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The Daily Progress - The Cheat Sheet

Cheat Sheet | March 24, 2020

Good afternoon and welcome to the latest edition of the Cheat Sheet, all focused on how schools have been responding to the COVID-19 pandemic that’s upending life.

Every time I’ve tried to write this newsletter, which is officially a year old, the news kept changing. First schools were preparing for the virus, then they were taking a day off to plan, and then Gov. Ralph Northam closed all schools for two weeks. And yesterday came the final nail in this school year’s coffin: Northam shut schools down for the rest of the academic year, though learning could continue online

“School division leaders will decide how students can learn the information they were meant to cover for the remainder of the year,” Northam said at a press conference Monday. 

In the meantime, school divisions are working through guidance and planning their next steps. 

“As my email inbox and conversations with students, parents, employees and neighbors demonstrate every single day, our schools play a vital role in the life and well-being of our community,” Albemarle County superintendent Matt Haas wrote. “That will not change.”

We’re in for a tough few months, at least, and it’s been a surreal few weeks, watching favorite restaurants shutter and the Las Vegas Strip (my hometown) empty out. I’m finding joy in moments with Lois, the cat, watching new TV shows, walks outside, and seeing how the Charlottesville community is rallying together. 


How are you coping with the COVID-19 disruptions? Let me know at kknott@dailyprogress.com.

Connecting with students amid the shut down

Teachers aren’t letting the fact schools are closed keep them from working with students. Through online videos, Facebook groups, learning packets and Google Docs, teachers and schools are sharing resources and activities with students. 

Although divisions don’t have immediate plans to teach new lessons online, they are focused on engaging students with review assignments and activities. 

Charlottesville City Schools said its goal during the closure is to maintain relationships between schools and families and to encourage students to continue — and to enjoy — learning.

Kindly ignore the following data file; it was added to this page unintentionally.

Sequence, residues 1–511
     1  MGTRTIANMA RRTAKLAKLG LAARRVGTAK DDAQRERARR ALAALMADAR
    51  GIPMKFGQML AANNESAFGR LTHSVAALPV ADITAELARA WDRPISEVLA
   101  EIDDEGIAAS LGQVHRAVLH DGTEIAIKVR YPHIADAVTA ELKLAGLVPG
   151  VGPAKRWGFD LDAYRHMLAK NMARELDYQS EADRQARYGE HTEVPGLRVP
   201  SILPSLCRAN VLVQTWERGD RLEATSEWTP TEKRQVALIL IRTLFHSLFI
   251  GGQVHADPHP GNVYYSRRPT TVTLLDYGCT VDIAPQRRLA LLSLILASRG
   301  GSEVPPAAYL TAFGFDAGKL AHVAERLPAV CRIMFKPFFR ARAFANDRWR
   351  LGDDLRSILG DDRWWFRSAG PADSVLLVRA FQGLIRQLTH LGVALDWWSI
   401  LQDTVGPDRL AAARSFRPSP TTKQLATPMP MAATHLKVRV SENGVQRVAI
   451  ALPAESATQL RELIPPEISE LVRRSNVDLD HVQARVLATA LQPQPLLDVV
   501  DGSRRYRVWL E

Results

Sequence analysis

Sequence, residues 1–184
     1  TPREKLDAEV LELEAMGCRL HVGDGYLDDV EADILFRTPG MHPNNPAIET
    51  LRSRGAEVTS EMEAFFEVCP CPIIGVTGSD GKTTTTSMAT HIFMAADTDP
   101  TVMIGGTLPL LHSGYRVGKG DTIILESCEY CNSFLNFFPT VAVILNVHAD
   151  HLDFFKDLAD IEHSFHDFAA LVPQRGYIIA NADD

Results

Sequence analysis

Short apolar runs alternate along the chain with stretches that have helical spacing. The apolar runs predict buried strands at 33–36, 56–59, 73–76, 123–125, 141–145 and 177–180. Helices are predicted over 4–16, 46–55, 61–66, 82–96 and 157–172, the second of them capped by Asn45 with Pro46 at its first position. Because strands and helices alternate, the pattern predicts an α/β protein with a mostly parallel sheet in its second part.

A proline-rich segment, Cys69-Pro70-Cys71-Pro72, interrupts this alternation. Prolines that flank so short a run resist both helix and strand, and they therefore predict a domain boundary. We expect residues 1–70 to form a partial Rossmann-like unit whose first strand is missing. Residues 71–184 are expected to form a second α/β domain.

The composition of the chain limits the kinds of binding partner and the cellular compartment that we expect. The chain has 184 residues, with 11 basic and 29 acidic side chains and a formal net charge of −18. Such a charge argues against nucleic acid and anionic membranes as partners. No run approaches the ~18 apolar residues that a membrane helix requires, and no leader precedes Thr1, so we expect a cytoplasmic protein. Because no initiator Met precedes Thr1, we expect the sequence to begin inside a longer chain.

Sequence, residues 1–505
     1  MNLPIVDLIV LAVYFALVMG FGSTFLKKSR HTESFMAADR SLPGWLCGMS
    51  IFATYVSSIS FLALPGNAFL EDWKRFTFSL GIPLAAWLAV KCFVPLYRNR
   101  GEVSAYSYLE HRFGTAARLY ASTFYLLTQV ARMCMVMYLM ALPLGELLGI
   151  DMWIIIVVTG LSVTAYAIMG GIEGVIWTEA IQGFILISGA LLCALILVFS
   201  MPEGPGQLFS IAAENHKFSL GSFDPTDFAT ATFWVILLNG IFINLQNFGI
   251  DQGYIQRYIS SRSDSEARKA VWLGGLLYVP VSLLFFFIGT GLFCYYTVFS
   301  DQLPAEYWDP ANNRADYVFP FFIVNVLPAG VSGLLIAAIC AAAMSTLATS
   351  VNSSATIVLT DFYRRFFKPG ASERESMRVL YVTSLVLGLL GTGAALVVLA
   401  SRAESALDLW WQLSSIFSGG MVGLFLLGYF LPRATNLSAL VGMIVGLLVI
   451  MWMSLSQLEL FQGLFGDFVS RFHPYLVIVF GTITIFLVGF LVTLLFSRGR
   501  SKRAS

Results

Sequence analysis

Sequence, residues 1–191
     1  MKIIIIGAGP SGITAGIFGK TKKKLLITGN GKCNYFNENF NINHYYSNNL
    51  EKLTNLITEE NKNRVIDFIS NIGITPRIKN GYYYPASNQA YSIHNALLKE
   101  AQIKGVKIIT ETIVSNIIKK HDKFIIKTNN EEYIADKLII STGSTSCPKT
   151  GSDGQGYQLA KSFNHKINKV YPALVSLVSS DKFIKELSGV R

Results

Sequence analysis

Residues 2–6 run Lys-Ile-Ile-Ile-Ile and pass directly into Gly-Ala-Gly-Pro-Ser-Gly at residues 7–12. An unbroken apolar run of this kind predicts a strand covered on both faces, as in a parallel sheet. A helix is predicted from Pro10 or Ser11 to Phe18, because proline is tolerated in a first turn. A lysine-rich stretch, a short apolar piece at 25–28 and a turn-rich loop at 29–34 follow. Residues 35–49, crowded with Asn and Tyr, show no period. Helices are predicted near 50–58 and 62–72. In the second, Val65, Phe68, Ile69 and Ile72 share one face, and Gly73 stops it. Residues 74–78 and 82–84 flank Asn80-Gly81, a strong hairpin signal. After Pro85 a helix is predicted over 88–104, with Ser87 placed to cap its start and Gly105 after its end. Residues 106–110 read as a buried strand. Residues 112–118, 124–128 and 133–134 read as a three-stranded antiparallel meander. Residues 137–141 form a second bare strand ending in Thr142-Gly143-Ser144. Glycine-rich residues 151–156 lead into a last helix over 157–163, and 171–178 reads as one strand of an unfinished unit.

“Routine is so important,” said Shannon Gillikin, a kindergarten teacher at Jackson-Via Elementary School. “For a lot of kids, school is a safe space and somewhere they have adults loving them, and that was taken away from them.

My story has a lot more on what the Charlottesville and Albemarle school divisions are doing to connect with students during the first week of the closure.

Local schools are handing out free meals to ensure students don’t go hungry. In the first week, nearly 8,000 meals were distributed.

The Daily Progress team has been working hard to cover all angles of the coronavirus pandemic and the ramifications of the disruptions throughout the community. You can read all our stories here.

A look back at a rollercoaster two weeks

March 9: UVa imposes new travel restrictions; ACPS unveils contingency plans

March 12: Albemarle, Charlottesville declare local emergencies; schools cancel class March 16

March 13: Area schools brace for two-week closure

March 23: Northam cancels rest of school year

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Quick hits

Other Local Stories related to the virus 

Coping with the outbreak by taking Lois for a walk in her new stroller.

Non-virus related articles from last month

In and Around the Commonwealth

  • Justin Mattingly at the Richmond Times-Dispatch ran down some tips for parents now homeschooling their kids.

  • From The Virginian Pilot: For children with special needs, the coronavirus school shutdown poses even bigger challenges

  • Sara Gregory at the Pilot wrote about how students, teachers and parents are coping with the crisis

  • From The Roanoke Times, how bus drivers, food managers and counselors are ensuring students get fed during school closures

  • More from Roanoke, how parents are adapting to the school closures

  • Bucking a national trend, Liberty University is not sending students home for the semester even as classes have moved online. The News & Advance has more.

  • What did the first day of a near-national school shut down look like? The fine folks at Chalkbeat have this snapshot.

  • And Education Week puts the last week into context. “The unprecedented shutdown of public and private schools in dozens of states last week has illuminated one easily forgotten truism about schools: They are an absolute necessity for the functioning of civic culture, and even more fundamentally than that, daily life.”

Quick hits

Coping with the outbreak by taking Lois for a walk in her new stroller.

On Deck

  • The Albemarle County School Board is meeting virtually Thursday, starting at 6:30 pm. You can watch a live stream of the meeting here:


Who knows what else will happen? Any story ideas or something you think I should work on? Email me at kknott@dailyprogress.com or call/text (434) 422-7398.